Georges Simenon, the prolific Belgian detective novelist and creator of the immortal Inspector Maigret mysteries, died in Lausanne, Switzerland on September 4, 1989, at the age of 86.
Over the course of his career Simenon wrote at least 400 books, 76 of them featuring his most famous creation, the pipe-smoking Inspector Jules Maigret of the French Criminal Brigade.
Simenon claimed that he could write a book in eleven days. (A week to write a first draft and three days for editing.)
Simenon was also a serial womanizer who, according to a Guardian profile celebrating his centenary in 2003, “claimed to have had sex with 10,000 women and, while all claims of erotic prowess are subject to a certain rounding-up, it’s clear he used prostitutes at the rate Parisians get through Gitanes.” His most famous affair was with the dancer Josephine Baker.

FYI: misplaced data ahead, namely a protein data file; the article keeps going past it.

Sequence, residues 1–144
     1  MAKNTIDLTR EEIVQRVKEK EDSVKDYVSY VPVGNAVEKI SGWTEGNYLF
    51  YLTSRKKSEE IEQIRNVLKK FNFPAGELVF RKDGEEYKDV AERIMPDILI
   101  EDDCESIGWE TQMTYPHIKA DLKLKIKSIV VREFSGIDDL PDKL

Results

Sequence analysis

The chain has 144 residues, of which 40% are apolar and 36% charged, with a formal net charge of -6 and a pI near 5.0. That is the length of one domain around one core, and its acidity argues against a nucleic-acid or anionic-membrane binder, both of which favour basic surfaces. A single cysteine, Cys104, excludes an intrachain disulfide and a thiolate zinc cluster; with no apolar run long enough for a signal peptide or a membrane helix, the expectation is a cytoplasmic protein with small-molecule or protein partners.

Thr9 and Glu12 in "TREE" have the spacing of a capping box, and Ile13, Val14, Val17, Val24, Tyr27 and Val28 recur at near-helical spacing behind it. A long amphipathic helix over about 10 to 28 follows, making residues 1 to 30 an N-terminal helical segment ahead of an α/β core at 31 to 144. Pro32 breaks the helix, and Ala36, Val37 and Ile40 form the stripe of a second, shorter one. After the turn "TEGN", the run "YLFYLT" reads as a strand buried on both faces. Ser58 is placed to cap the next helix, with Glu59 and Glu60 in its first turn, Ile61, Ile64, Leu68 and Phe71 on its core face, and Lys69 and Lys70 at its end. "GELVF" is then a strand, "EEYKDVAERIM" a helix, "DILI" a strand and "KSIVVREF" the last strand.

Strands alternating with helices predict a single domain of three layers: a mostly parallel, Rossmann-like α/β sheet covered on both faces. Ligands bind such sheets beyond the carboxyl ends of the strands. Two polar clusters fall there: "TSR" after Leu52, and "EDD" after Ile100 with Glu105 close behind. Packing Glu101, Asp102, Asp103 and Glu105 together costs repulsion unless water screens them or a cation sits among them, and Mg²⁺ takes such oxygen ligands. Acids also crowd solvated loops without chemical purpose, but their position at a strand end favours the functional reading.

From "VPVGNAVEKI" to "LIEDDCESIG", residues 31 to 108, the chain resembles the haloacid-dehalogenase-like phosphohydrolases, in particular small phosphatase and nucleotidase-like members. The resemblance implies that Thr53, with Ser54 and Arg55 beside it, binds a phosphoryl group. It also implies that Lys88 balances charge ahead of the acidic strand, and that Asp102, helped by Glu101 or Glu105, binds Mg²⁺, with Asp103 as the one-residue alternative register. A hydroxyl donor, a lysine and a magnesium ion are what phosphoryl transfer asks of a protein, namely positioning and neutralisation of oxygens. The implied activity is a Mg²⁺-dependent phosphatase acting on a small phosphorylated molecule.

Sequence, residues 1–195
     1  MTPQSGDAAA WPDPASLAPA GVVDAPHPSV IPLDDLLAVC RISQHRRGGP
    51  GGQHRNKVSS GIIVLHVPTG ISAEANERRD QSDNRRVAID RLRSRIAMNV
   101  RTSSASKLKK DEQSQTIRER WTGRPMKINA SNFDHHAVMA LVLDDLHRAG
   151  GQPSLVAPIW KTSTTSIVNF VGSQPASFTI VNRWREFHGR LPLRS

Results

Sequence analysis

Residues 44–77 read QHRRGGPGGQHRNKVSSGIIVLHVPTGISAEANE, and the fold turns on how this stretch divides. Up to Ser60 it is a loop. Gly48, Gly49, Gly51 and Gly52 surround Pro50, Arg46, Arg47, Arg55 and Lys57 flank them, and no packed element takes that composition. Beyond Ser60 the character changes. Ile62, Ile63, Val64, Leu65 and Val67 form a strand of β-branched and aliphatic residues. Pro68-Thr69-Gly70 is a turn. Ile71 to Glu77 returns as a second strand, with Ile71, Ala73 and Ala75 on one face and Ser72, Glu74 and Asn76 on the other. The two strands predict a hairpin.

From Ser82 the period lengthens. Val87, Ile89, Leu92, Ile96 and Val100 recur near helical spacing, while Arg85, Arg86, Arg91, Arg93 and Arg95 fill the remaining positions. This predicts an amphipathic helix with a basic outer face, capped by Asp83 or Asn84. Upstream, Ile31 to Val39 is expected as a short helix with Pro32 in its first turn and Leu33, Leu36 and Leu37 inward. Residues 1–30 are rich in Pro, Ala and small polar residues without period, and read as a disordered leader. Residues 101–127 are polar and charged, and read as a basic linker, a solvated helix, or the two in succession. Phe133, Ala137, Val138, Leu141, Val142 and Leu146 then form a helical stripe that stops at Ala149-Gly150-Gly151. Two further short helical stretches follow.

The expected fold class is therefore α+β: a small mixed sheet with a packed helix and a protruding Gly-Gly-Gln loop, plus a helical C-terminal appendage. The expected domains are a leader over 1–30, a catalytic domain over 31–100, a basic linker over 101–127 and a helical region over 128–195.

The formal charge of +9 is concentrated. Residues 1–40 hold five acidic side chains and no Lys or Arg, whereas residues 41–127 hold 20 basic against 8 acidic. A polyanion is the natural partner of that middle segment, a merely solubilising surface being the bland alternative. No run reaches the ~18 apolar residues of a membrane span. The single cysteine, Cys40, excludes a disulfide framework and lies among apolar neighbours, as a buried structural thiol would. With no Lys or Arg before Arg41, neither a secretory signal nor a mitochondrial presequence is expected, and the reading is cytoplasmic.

Simenon was born in Belgium, but also lived in France and for the last forty years of his life in either the United States or Switzerland. Part of this had to do with his controversial behaviour during World War II. After the war Simenon was accused of being a German collaborator and sentenced to a five year publication ban.
There is still no clear consensus on how guilty he actually was, but he didn’t feel comfortable living in France or Belgium after that.
Simenon famously said that he couldn’t make things up and credited his books’ verisimilitude to his early years as a newspaper crime reporter where he had to spend most of his time cultivating sources among thieves, prostitutes and petty criminals.
Simenon’s books have been translated into more than 50 languages and are popular around the world. He is the second most widely read crime novelist, being surpassed only by Agatha Christie.